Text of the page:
Start… Stop… Start… Stop. Something that I discuss with runners often is making runs continuous for the physiological & mental benefits. When reviewing running logs, we often see runners have breaks in longer runs lasting several minutes. Obviously traffic lights and the occasional bathroom break cannot always be avoided. However, when there are multiple stops prolonged stops during a run, it can cause a decrease benefit.
From a coaches perspective, taking breaks during a run is a part of the mental component of training. If you allow yourself to stop every time you are uncomfortable, then you are training your body to stop. Allowing the body to adapt both physically and mentally is an important part of a training plan. This is not something that is always easy to learn. Many runners don’t always talk about this openly! Just like learning anything new- We must teach the body to continue through & stop less.
Garmin has a great way of tracking your stop time in their app. Our favorite GPS watch with the most features at the cheapest price is:
This is especially important during long runs and workouts. Remember- the clock does not stop on race day. If you allow yourself to stop in a workout when it is tough, then you are making a mental pattern. In the future you are likely to repeat this pattern in times of distress. Our bodies learn patterns and have incredible muscle memory.
Even from a physiological stand point your body is missing key stress adaptations that are necessary during training for long races. A better alternative to prolonged breaks and stops during a long run or workout is to add walking segments as needed. There is an entire training program based on the run/walk method. It has been highly successful for many people and helped them to reach their goals. Jeff Galloway is a main proponent of this method. It can allow runners to run at a faster pace during the running segment and take walk breaks to bring the HR back down.
When training, the idea is to get your heart rate elevated to a sustained level for a select duration of time. This causes adaptations in the body including but not limited to:
1) increased heart size (the heart is a muscle)
2) increased blood volume (more plasma)
3) greater force of contraction (heart is more efficient)
4) more efficient oxygen transportation
Therefore, if you are not getting your HR into the optimal zone for an extended period of time during training, then you are missing the physiological benefits of training.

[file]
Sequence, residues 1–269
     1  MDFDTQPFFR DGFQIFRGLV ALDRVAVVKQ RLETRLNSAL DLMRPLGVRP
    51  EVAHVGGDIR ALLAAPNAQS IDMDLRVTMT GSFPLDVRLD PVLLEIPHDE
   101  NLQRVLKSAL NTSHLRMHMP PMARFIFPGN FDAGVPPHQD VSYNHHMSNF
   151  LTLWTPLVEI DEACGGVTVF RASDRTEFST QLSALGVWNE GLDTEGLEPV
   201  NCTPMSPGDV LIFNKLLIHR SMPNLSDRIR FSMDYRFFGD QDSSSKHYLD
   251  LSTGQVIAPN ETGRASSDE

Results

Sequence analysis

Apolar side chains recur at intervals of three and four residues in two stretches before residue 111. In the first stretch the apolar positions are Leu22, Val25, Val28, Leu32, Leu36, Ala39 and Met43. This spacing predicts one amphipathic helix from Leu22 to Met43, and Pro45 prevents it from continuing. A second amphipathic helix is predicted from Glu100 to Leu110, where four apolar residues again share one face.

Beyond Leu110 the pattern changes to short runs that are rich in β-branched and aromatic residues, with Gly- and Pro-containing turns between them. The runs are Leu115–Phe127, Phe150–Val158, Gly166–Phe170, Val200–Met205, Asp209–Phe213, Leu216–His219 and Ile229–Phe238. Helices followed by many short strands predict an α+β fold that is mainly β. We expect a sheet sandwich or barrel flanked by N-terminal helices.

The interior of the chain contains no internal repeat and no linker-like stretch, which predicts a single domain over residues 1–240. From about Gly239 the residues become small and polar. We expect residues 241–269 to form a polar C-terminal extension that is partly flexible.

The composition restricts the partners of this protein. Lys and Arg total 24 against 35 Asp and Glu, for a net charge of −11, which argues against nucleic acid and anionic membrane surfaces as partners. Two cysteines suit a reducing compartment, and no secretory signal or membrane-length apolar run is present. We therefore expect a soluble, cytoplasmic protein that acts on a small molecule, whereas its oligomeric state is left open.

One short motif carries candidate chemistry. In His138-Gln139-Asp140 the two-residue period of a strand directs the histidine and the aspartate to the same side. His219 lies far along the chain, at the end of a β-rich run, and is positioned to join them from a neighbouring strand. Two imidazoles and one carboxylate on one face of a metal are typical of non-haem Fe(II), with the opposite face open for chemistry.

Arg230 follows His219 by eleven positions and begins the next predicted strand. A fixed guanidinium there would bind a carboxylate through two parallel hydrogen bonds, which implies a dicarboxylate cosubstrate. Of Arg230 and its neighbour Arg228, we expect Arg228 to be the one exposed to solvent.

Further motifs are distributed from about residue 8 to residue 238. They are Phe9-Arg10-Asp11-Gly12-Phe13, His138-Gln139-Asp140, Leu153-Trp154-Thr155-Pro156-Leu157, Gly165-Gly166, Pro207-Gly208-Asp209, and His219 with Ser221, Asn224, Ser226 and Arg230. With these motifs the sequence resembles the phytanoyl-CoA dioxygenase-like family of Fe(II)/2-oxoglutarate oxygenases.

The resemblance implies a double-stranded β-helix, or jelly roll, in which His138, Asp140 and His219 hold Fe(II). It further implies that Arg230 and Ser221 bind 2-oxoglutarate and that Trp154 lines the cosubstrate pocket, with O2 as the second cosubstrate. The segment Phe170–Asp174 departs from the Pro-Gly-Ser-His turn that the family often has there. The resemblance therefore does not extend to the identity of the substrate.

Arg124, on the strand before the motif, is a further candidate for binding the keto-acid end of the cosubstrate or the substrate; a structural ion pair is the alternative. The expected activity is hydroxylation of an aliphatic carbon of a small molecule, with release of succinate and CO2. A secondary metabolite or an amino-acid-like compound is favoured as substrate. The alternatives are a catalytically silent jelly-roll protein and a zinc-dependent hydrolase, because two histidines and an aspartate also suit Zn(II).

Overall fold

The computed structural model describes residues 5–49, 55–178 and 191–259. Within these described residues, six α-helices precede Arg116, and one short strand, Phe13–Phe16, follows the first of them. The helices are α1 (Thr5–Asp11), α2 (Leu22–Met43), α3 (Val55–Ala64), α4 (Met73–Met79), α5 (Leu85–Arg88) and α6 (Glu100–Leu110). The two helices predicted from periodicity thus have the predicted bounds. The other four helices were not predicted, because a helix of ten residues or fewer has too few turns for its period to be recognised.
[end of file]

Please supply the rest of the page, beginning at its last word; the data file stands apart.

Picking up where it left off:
A great alternative to stopping is to set a goal time or distance that you will run and even if you slow down with your running pace, continue running until you reach that target, then take a short walking break. With this method you challenge your mental toughness, are able to get a very short break that will not lower your HR back down to resting, yet your body is still able to physiologically and mentally adapt for improved performance.
The key is to keep moving and give yourself opportunities to face mental challenges that you work through to build your mental toughness. Walking during a designated segment it will bring your HR down, but not as as rapidly as a standing rest break, and will lead to greater physiological benefits.. Walk for 30-60 seconds after hitting your target running segment. Then being to run again.
Stopping for fuel is great! We highly recommend athletes take salt pills during training too:
With all this being said, when running you have to make sure to take care of your health. If you feel woozy or lightheaded you should take a break. If you are running through an injury to finish the run, be sure to evaluate the cost and benefits of finishing verses stopping early to prevent additional injury.
If running were easy, everyone would do it…. right? Remember that taking rest breaks may hinder the physiological benefits of the run and may impact your performance on race day. Be smart about breaks during your run. It’s okay if you have to slow down, your body is still adapting and you are sharpening your mental toughness. There is a purpose with every run.